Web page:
Have you heard of Creative Commons? If not yet, you may soon. Creative Commons consists of a US charitable corporation and a UK not-for-profit company that has the underlying message that "some people may not want to exercise all of the intellectual property rights the law affords them."
Creative Commons believes that "there is an unmet demand for an easy yet reliable way to tell the world 'some rights reserved' or even 'no rights reserved.'" Why? Because "many people have concluded that all-out copyright doesn't help them gain the exposure and widespread distribution they want." Instead, significant numbers of artists and entrepreneurs prefer depending on "innovative business models rather than full-fledged copyright to secure a return on their creative investment."
Thus, a growing number of Netizens want to share their work on "generous terms." This is where Creative Commons comes into play, by offering a set of licenses on its Website, http://creativecommons.org/license/, free of charge.
Creative Commons came into being understanding that "too often the debate over creative control tends to the extremes." On one end of the spectrum is a total control paradigm, "a world in which every last use of a work is regulated and in which 'all rights reserved' (and then some) is the norm." At the other end of the spectrum is anarchy, "a world in which creators enjoy a wide range of freedom but are left vulnerable to exploitation." The people behind the concept of Creative Commons became concerned that "balance, compromise and moderation - once the driving forces of a copyright system that valued innovation and protection equally" had devolved into "endangered species."
Thus, Creative Commons was born in 2001 with the goal of reviving these driving forces. According to Creative Commons, its ends "are cooperative and community-minded, but [its] means are voluntary and libertarian." Creative Commons seeks to offer creators methods to protect their works while also encouraging certain uses of them. Bottom line, Creative Commons aims to "build a layer of reasonable, flexible copyright in the face of increasingly restrictive default rules."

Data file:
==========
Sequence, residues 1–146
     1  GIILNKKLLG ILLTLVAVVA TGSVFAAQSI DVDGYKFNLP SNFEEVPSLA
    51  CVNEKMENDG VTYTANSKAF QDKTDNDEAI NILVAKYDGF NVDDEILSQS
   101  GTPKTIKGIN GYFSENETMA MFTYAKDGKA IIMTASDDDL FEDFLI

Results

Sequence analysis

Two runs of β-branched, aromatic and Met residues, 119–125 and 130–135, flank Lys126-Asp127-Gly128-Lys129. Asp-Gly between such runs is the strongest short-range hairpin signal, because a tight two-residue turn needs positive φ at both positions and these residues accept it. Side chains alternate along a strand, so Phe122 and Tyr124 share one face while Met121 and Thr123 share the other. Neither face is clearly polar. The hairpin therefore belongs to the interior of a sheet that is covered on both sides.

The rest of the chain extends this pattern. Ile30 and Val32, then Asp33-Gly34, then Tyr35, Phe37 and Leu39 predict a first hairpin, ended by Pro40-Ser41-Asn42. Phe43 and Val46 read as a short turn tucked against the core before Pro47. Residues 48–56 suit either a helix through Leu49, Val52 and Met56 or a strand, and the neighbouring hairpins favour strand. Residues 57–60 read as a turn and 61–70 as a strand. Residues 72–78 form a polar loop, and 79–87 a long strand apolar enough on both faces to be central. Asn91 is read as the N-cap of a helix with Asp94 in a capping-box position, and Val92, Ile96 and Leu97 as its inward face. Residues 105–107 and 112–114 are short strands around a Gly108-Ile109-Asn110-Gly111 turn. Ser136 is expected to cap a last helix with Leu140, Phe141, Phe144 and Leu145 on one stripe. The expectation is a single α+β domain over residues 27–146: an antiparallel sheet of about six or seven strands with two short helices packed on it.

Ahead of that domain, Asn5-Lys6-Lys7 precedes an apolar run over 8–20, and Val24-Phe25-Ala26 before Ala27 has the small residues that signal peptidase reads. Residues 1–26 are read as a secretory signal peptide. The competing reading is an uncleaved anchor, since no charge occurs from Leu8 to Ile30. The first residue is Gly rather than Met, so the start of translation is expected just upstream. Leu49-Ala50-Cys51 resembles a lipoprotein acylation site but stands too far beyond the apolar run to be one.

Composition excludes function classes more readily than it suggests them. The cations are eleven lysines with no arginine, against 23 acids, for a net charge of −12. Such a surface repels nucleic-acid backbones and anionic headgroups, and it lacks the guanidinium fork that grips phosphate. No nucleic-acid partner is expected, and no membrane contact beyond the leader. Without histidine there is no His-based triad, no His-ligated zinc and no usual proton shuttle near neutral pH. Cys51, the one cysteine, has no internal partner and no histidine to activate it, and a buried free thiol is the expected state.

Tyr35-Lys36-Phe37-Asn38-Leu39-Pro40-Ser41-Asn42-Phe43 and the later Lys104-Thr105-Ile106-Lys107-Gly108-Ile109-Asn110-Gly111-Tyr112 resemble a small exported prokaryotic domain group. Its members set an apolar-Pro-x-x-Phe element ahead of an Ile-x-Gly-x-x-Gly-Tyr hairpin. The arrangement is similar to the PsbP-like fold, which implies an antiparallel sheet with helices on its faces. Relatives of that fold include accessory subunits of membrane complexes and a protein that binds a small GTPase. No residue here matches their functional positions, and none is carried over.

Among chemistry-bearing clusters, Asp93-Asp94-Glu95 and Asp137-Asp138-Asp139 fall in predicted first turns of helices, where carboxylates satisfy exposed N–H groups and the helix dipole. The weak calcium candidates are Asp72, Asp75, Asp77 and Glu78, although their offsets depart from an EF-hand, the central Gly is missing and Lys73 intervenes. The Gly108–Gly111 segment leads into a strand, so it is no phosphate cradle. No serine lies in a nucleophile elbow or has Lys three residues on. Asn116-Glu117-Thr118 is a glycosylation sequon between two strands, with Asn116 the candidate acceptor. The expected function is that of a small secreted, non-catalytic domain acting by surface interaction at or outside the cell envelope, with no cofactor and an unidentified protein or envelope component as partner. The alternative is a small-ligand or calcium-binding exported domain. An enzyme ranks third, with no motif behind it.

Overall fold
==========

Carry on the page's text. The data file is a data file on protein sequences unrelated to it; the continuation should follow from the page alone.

So, how does this work? Creative Commons has developed a Web application that assists people in dedicating their works to the public domain or to allow them to retain their copyrights while licensing them for no charge for specified purposes based on certain conditions. The Creative Commons licenses are not designed for software, but instead are geared for other types of creative works, such as music, film, photography, Web sites, and literature. Creative Commons also has developed metadata that can be implemented to associate "creative works with their public domain or license status in a machine-readable way."
Thus, for online works, a creator can apply for a Creative Commons license from the Creative Commons Web site for a work by choosing the license that applies based on preferences. The selection will guide instructions to include html code to the work that will automatically generate the "some rights reserved" button with a statement that the work is licensed under a Creative Commons license or a "no rights reserved" button if the work is selected to be put into the public domain.
Creative Commons is gaining use and notoriety among prominent creators. For example, in May of this year, Creative Commons announced that Pearl Jam's new single "Life Wasted" was to be offered to the public under its Attribution-Non-Commercial-NoDerivs license, enabling people internationally to copy, distribute and share the clip legally.
Furthermore, in the same month, under the Creative Commons Attribution-NonCommercial-ShareAlike license, people were able to legally remix and share their own personal versions of two different songs from the album "My Life in the Bush of Ghosts" by David Byrne and Brian Eno.
It does appear that Creative Commons is offering the "flexible copyright" copyright options that it envisioned at the outset. Time will tell whether it will inspire a true movement that gains more and more momentum.
Eric Sinrod is a partner in the San Francisco office of Duane Morris LLP where he focuses on litigation matters of various types, including information technology and intellectual property disputes. His Web site is http://www.sinrodlaw.com and he can be reached at [email protected]. To receive a weekly email link to Mr. Sinrod's columns, please send an email to him with Subscribe in the Subject line.
This column is prepared and published for informational purposes only and should not be construed as legal advice. The views expressed in this column are those of the author and do not necessarily reflect the views of the author's law firm or its individual partners.